Hinduism Compared to Judaism

Topics: Hinduism, Vedas, Sanskrit Pages: 7 (2681 words) Published: April 25, 2006
Hinduism is a very complex and intricate henotheistic religion. It is mainly practiced in India and came before all the other religions in India. The most important sacred text of Hinduism is called the Vedas. It consists of four Veda texts in which the other texts of Hinduism are based around. Hindus base their lives around the four goals.

Hindus divide their scripture into two categories: Shruti and Smriti. The Shruti is the primary revelation which has no human or divine author but has been passed on by Rishi's, which are ancient holy men that first heard the sound of truth (Van Voorst). They started to pass down these sounds of truths orally to the high and superior families. The Shruti consists of the Vedas which are four Veda texts, the Brahmanas and the Upanishads. The Shruti has been fixed for over two thousand years (Van Voorst). Smriti is not considered holy in the same way as the Shruti. The Smriti has a human origin. The Smirti is "what is remembered". The role of Smriti is to bring out the meaning of Shruti and apply it to the more modern times of Hinduism. It consists of the Sutras, the Epics, the Ramayana, the Puranas, and law codes. The canon of Smriti is still open and has a very strong influence on the Hindu Religion and Indian culture . The four Veda texts are the Rig Veda, the Yajur Veda, the Sama Veda and the Atharva Veda (Van Voorst). The Rig Veda, the Yajur Veda and the Sama Veda are used for sacrifices while the Atharva Veda is different from the first three in that it does not relate to the sacrifice. The first Veda has 1,028 hymns divided into ten books. The hymns are addressed to a single god or goddess (Van Voorst) which a priest will sing loudly during a sacrifice to attract that specific god's attention to the sacrifice. The Rig-Veda also contains the stories of creation. There are two different creation stories in this Veda. They are viewed in more of a philosophical way than mythological (Van Voorst). The first of the creation stories said that there was no existence of night and day and just water. The powers came from the other powers and gods that existed. The second creation story begins with a soul alone in the shape of a person. The soul was speaking of how lonely it felt and wanted a second person. It made his self fall into two, who became husband and wife. Then they bore children and humans were created. After that they turned into every animal and every insect and every being on earth and mated to make more of them. Everything was created by humans (Van Voorst). The next two Vedas follow up on the Rig Veda. The second Veda contains instructions for the priests who actually perform the sacrifices. The third Veda takes the mantras, which are words and phrases that get repeated during the sacrifices and praise from the Rig Veda and set to music to be sung during the sacrifice. These three Vedas: the Rig, Yajur and Sama are known as the "threefold Veda" (Van Voorst) which reflects the religious life of the priestly group. The last Veda, Atharva Veda has 731 hymns divided into twenty books and consists of mostly spells, curses and charms. It reflects the everyday religious life of ordinary people (Van Voorst).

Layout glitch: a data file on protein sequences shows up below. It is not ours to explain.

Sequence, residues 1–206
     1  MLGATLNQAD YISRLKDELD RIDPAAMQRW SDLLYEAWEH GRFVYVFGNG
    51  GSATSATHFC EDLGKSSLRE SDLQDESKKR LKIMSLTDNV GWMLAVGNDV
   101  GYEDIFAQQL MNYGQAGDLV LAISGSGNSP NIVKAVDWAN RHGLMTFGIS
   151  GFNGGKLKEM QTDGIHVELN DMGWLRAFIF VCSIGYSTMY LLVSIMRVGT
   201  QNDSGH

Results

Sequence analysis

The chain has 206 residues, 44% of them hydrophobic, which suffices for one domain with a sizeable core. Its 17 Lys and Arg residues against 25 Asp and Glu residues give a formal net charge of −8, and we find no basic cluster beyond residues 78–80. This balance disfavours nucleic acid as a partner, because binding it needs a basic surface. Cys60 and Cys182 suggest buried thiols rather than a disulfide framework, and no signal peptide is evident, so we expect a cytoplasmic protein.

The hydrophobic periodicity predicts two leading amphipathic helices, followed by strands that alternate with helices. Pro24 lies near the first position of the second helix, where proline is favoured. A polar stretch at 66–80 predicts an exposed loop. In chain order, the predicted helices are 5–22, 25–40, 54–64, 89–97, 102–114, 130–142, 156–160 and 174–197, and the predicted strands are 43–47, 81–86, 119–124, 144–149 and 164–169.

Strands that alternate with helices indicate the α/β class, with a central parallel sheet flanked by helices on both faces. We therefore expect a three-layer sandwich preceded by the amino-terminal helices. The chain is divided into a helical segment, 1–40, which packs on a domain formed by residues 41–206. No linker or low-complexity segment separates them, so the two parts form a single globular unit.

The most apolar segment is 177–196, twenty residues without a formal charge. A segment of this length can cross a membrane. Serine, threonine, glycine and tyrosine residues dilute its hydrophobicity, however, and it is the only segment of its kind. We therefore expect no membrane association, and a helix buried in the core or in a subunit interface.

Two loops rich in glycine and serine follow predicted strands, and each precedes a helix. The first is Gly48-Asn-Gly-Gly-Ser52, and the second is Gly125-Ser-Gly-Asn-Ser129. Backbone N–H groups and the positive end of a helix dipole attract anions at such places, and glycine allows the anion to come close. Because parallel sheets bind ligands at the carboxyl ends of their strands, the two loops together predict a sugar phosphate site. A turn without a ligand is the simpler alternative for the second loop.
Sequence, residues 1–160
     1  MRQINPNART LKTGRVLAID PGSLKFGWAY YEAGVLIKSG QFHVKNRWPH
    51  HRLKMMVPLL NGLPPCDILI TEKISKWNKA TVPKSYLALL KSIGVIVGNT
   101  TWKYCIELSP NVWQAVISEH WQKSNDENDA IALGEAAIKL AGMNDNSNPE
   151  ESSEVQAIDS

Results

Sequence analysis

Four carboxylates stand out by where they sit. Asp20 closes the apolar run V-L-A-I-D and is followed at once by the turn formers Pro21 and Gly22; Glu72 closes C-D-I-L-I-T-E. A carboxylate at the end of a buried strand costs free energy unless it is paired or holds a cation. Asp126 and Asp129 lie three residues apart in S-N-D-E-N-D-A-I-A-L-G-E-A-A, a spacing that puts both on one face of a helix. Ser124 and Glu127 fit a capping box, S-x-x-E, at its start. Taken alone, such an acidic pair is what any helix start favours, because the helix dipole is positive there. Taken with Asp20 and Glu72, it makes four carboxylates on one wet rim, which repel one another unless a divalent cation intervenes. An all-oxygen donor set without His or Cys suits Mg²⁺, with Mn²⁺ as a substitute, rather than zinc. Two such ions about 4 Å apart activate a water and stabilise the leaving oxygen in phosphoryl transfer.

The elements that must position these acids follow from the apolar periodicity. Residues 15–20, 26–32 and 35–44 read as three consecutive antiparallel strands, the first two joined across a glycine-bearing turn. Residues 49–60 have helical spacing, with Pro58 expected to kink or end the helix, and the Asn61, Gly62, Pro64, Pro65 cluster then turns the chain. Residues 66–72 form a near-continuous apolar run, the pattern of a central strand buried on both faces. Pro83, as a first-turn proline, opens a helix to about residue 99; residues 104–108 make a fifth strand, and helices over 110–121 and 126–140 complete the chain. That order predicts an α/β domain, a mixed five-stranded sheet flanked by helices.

The next sacred texts are the Brahmanas. They are commentaries on each Veda text. They discuss the meaning of mantras and specify how to perform certain sacrificial actions and describe the impact the sacrifices have on the eternal world . Their main purpose is to act as a guideline for what is the proper use of the material in the Vedas. They present sacrifice as the power that strengthens the gods, keeps the universe intact and brings blessing to the sacrificer (Van Voorst). The Brahmanas is on sacrifice itself, not the gods. Sacrifice is the power that generates the universe and keeps it going. The final form of the Shruti is the Upanishads. The Upanishads are collections from different teachers about the philosophical way of life...
Continue Reading

Please join StudyMode to read the full document

You May Also Find These Documents Helpful

  • Hinduism Research Paper
  • Hinduism Essay
  • Essay on Hinduism
  • Ancient Polytheistic Religion Compared to Judaism Essay
  • Hinduism V Judaism Essay
  • Judaism Essay
  • Hinduism Essay
  • Hinduism Essay

Become a StudyMode Member

Sign Up - It's Free